The Hard Truth

I am the lead learner of an elementary school. It is 3:00 AM and I am awake, worried about a child that biologically is not mine but in all other aspects belongs to me. A child that struggles to succeed in class, follow directions, show respect, and accept love. I have prayed for this child, cried for this child, spent hours on the phone looking for help for this child, yet it never seems like I’ve done enough. My thoughts penetrate a peaceful slumber and stumble back on that six-year old’s innocent face. The face that belongs to a child crippled by circumstance, environment and society. The burden for this child is palpable. so much so sleep escapes me at this dark hour of the morning.  I, like most educators I know, have dedicated my life to making a difference for children…. all children. I understand the you must connect before you can correct.

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The hard truth about connection….it is a two-way street. Parents must want to connect, children must want to connect, educators must want to connect. We can’t will it, we CAN work on it, cultivate it, pray about it, dedicate to it, but we can’t make it happen. What then? What if connection never comes? I am a firm believer that without connections true growth and change will not happen. The thought of no breakthrough is frustrating, infuriating and frightening, yet I will NOT give up.

I work diligently to remain positive, be a beacon and encourage others…. but the hard truth is this job is tough, demanding, emotionally draining and endless. The other hard truth, I can’t imagine doing anything else. As difficult as some days can be, they can also be amazing, uplifting and monumental for both adults and children. It is hard to hear from a family member of a student that you “don’t care about kids”, don’t have the best interest of kids at heart” and throw “kids under the bus”.  While my heart knows better, my head over analyzes every aspect of the situation with a student. What could I have done differently? How can I improve the situation? Where did we miss the mark? Reflection can be a powerful tool, but it can also be exhausting and self-deprecating if not used correctly. I continue to work on finding the delicate balance between these two areas.

As a lead learner, for me, my HARD TRUTHS are:

  • I will NOT give up on any child….EVER.
  • I will remain STEADFAST for my students and team.
  • I will FIGHT for kids, all kids every day.
  • I will NOT allow ENERGY VAMPIRES rob me of my joy.
  • I will SUPPORT, NUDGE and sometimes PUSH my team toward excellence.
  • I will use REFLECTION to hone my skills, not beat myself up.
  • I will BELIEVE in the greater good.
  • I will STAND UP, SPEAK UP and LEAD UP.

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I am facing the day with my HARD TRUTHS on my heart and mind, determined to invest in my students, my team and my community. I can and will make a positive difference.

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What are your HARD TRUTHS?

Karen

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Connecting For Kids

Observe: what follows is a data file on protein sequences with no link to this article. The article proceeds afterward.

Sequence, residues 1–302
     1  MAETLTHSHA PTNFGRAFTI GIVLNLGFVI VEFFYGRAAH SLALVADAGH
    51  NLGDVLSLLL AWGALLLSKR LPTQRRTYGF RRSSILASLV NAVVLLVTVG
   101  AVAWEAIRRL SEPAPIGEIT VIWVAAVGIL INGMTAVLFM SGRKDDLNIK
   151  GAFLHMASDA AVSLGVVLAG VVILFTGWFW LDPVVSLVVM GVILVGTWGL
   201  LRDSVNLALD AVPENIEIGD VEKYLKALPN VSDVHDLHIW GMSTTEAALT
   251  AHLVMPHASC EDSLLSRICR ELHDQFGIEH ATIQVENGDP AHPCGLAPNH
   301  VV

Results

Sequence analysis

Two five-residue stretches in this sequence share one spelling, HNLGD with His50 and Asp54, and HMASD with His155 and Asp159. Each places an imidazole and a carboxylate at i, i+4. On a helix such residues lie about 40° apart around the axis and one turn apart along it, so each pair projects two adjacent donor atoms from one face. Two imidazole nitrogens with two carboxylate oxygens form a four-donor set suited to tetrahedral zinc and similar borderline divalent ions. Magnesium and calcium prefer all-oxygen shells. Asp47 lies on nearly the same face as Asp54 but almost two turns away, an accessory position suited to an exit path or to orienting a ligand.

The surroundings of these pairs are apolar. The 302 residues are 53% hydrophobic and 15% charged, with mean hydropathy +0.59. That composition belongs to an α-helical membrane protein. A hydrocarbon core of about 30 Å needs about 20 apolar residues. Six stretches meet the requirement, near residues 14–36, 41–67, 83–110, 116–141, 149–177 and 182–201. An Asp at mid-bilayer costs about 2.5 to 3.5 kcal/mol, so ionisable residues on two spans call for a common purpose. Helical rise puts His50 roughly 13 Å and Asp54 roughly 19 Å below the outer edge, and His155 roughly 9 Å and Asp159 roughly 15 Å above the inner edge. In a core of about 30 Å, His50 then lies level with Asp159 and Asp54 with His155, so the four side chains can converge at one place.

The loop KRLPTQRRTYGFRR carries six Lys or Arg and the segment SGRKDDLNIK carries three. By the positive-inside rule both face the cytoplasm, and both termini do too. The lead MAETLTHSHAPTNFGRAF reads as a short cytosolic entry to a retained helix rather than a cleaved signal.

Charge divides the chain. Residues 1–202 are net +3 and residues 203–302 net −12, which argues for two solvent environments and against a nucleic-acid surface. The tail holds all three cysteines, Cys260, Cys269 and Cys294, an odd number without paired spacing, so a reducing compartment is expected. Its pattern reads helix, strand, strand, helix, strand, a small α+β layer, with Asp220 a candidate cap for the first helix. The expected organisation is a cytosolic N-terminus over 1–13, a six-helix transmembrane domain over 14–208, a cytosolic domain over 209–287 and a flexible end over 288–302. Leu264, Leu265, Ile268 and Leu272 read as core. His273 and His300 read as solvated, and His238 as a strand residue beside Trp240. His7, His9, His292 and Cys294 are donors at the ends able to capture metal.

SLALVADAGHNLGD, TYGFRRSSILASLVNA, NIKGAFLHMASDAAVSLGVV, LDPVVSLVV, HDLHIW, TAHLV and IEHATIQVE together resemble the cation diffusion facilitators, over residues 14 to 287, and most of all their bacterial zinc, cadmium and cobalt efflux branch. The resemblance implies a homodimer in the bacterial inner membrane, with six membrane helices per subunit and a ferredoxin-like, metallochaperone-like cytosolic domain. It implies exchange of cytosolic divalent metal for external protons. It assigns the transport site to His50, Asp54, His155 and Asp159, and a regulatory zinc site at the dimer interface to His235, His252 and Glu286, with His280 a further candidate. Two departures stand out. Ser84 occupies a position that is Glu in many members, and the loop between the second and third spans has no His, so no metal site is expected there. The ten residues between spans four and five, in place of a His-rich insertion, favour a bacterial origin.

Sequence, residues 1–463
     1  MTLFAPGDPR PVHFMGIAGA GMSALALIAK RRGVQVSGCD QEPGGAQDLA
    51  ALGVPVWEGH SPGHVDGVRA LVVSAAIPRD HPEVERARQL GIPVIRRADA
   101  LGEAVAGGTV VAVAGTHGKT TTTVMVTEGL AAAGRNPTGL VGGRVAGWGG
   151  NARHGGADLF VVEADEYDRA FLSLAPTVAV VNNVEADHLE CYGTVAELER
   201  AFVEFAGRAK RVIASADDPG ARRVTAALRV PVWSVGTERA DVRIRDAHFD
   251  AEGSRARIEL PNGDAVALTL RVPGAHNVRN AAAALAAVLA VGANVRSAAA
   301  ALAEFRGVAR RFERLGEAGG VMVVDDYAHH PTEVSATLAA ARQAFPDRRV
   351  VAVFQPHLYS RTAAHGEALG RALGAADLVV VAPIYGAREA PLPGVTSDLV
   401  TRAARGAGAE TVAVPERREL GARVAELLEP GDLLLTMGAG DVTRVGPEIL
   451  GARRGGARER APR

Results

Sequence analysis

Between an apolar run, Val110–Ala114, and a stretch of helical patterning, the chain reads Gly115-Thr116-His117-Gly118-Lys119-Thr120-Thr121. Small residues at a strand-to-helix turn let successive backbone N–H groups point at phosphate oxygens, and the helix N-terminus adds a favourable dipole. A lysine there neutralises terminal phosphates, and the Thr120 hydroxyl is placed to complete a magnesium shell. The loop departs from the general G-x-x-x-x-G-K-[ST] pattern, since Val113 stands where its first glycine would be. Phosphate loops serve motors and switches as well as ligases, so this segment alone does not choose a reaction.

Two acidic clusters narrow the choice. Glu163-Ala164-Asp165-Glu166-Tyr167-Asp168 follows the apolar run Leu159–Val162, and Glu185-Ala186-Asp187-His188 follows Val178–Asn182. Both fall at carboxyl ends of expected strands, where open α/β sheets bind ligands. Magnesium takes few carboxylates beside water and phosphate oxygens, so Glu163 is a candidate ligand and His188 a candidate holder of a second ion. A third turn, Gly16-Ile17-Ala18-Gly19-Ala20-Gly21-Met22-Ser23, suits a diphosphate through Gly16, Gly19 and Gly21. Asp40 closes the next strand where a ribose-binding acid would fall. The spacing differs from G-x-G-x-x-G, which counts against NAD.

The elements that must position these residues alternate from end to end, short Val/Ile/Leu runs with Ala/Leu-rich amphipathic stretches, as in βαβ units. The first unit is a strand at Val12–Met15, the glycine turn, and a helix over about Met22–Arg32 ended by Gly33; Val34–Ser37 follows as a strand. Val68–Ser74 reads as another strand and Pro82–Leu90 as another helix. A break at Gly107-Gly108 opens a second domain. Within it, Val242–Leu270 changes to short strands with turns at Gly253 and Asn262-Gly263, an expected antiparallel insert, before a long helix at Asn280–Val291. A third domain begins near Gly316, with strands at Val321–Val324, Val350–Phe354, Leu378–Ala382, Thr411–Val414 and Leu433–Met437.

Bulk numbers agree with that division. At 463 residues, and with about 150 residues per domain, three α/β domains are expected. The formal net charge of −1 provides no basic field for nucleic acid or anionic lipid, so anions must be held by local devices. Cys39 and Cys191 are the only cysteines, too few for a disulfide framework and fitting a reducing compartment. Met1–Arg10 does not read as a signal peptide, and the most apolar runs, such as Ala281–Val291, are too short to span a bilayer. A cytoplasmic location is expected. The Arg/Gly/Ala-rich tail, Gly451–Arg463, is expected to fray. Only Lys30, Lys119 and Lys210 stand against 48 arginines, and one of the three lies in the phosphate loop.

Kids Social MediaWhat do you do when you are trying to do what’s best for kids?  We CONNECT. We connect with kids. We connect with parents and families.  We connect as teachers.  We connect as leaders.  We find any way possible to connect, so we can do what is best for our kids. Education was once considered a lonely profession. Consider the one room schoolhouse, where one teacher served an entire rural community and everyone knew she was not to be seen after dark! Through the years a culture of connection and collaboration has slowly unfolded. Today, with social media at our fingertips, we have endless opportunities to establish connections with anyone and everyone. We have the ability to invite the community in via pictures and videos. We have networks with amazing educators to help us grow stronger in our profession.  There simply is no reason why we shouldn’t be connected educators…we have every reason to be connecting for kids.

Why…By Bethany

One of my favorite authors, John Maxwell, wrote a book entitled, Everyone Communicates, Few Connect: What the Most Effective People Do Differently. I read this book many years ago when I first entered the world of administration, and it opened my eyes to the importance of how we communicate, and the real purpose of it. My superintendent assigned the book for our team to read, and it was a game changer for me. If our communication isn’t reaching others, we are defeating our purpose. Authentic connections will not happen without authentic and purposeful communication. When we connect with others, we are validated, challenged, inspired, and our emotions are brought to the surface. This is what helps people become better versions of themselves. When we as educators connect, we become better educators. Our kids deserve nothing less than our best. Flying solo as an educator is no longer an option. When we struggle, we connect for support. When we succeed, we share to support others. When our beliefs are challenged, we share to ignite passion. There is power in connection, and connecting for kids is something we must ALL do. After all, it is about them, isn’t it?